Keyloggers infiltrate the workplace

Seventeen percent of organisations have had employees launch a hacking tool or a keylogger within their network this year, according to a new survey from web security firm Websense, a worrying rise of 12% on last year's figures.

Keyloggers are among the most dangerous types of spyware. It is software that is unwittingly loaded to a computer and then records keystrokes and screen shots. These can be replayed later to reconstruct a user session. Keyloggers are used by hackers to steal passwords and confidential information, which can then be used to provide full access to corporate systems and files.

Researchers from Harris Interactive interviewed 351 IT decision-makers in the US who work for organisations with at least 100 employees, as well as 500 employees.

The survey also found that the threat of bots is rising. A bot (short for robot) is software that can be unknowingly installed on an end-user’s PC that communicates with a command and control centre. The command and control centre has unauthorised control of many bot-infested PCs from a single point – making a bot network, and can be used for launching distributed Denial of Service attacks, acting as a spam proxy, and hosting malicious content and phishing exploits.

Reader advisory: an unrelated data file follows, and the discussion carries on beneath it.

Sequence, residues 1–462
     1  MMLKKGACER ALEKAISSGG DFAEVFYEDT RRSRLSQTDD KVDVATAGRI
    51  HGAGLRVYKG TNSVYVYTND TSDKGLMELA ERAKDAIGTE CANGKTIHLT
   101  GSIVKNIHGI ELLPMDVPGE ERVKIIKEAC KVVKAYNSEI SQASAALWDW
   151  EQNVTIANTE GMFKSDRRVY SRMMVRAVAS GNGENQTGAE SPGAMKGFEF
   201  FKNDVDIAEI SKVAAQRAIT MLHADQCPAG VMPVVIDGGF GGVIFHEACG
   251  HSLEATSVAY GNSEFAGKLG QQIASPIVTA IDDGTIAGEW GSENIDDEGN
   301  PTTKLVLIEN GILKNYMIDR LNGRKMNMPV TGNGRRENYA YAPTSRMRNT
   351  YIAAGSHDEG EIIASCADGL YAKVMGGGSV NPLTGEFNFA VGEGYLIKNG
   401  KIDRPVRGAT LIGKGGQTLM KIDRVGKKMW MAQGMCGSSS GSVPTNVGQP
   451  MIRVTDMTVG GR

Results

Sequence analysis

Only 34% of IT decision-makers said they are very or extremely confident that they can prevent bots from infecting employees’ PCs when not connected to the corporate network. Nineteen percent of IT decision-makers indicated that they have had employees’ work-owned computers or laptops infected with a bot.